- Blood loss is the main cause of death in most trauma cases.
- External bleeding can be controlled, but internal hemorrhage can only be controlled by surgery.
- Role of nanoparticles in speeding up clotting and controlling blood loss was studied.
- Nanoparticles have the potential to reduce blood loss and save life.
Blood Clotting Explained SimplyIn any blood vessel injury, the body controls bleeding by a complex interplay between various constituents of the vessel wall lining (endothelium) and platelets followed by activation of clotting factors.
AdvertisementIn most minor injuries, the normal physiological mechanisms mentioned above are sufficient to control blood loss and prevent serious hemorrhage.
With larger external injuries, the wound may have to be sutured to control severe blood loss.
In trauma and accident cases, the issue is complicated further by serious injuries both externally and internally. Internal injuries and hemorrhage have to be treated only by surgery at present.
How do Nanoparticle Work to Stop BleedingIn order to address the need for controlling bleeding related deaths, especially in trauma cases, researcher Erin B. Lavik and her team have developed a nanoparticle that helps in quick clotting.
This nanoparticle is capable of binding with activated platelets at the site of blood vessel injury. It acts as a bridge connecting neighbouring platelets and helps to form clots, thereby controlling the bleeding.
To ensure that there is no non-specific binding, this nanoparticle is coated with a substance that can only stick to a glycoprotein found on the surface of platelets.
Studies in RodentsInitial studies conducted in rodents showed that nanoparticles administered intravenously could prevent them from bleeding to death due to brain or spinal injuries. However Lavik admits that further research and studies are necessary to prove its efficacy in humans.
Tweaking the Nanoparticle for Testing in HumansIn order that the nanoparticle be safe for human use, it should not activate the immune system and trigger an immune response which would be problematic.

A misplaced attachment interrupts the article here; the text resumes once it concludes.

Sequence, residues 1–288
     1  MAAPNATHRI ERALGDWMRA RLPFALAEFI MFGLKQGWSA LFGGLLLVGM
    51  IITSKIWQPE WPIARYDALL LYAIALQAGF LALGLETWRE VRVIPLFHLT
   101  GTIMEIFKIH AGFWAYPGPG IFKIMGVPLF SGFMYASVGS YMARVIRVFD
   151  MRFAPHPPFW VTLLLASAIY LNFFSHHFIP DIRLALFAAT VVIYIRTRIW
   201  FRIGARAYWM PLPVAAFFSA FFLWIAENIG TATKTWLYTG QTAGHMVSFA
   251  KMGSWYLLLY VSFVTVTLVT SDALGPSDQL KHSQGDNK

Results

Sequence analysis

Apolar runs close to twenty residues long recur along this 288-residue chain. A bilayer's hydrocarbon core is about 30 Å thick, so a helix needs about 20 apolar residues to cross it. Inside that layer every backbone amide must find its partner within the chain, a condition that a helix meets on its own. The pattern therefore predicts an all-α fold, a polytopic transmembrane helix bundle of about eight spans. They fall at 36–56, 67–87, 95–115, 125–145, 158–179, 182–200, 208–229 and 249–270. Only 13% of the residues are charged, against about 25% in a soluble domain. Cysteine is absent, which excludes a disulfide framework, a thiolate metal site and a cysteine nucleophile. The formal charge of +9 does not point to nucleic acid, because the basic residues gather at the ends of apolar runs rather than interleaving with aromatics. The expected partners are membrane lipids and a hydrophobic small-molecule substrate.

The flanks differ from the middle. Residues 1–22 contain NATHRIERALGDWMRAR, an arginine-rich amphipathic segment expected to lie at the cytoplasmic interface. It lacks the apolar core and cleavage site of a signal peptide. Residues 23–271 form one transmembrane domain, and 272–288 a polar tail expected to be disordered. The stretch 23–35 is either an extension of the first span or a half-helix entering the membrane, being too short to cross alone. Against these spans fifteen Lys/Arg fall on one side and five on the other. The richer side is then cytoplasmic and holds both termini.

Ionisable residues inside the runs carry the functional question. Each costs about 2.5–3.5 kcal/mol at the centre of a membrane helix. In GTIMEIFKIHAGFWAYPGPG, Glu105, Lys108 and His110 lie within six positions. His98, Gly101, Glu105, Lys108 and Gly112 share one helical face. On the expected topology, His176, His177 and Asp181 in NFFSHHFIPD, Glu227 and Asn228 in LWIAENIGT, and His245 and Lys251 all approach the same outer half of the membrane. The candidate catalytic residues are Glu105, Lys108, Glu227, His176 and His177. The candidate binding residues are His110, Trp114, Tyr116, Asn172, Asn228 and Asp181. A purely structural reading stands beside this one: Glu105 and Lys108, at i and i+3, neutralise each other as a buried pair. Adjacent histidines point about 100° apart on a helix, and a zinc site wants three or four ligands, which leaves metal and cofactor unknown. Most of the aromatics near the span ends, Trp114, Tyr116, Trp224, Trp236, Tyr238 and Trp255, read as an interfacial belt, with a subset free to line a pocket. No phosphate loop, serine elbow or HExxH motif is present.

To test whether the immune system is activated, nanoparticles were added to pig's blood and levels of complement (key in immune responses) were tested. Unfortunately they were found to be high.
To try and reduce the immune response effect, Lavik and her team created nanoparticles with different charges and found that neutrally charged nanoparticles evoked the least immune response.
However neutral particles had a tendency to clump even before they were injected. This was overcome by adding a slippery polymer to the nanoparticle storage solution that prevented their clumping.
Other ModificationsAlso suitable modifications were made to ensure that the nanoparticles remained stable at high temperatures of 50oC (122oF) and still be effective, such as in the hot and sweltering conditions that could be expected in a battlefield.
Future Studies Planned on the NanoparticlesStudies on human blood are being planned to check for immune response and complement activation.
Additional safety measures are being included to ensure that the particle does not cause non-specific clotting, leading to stroke.
If the study progresses well, it is hoped that a useful clinical product may be available within the next 5 - 10 years.
- Nanoparticles that speed blood clotting may someday save lives - (http://phys.org/news/2016-08-nanoparticles-blood-clotting.html)
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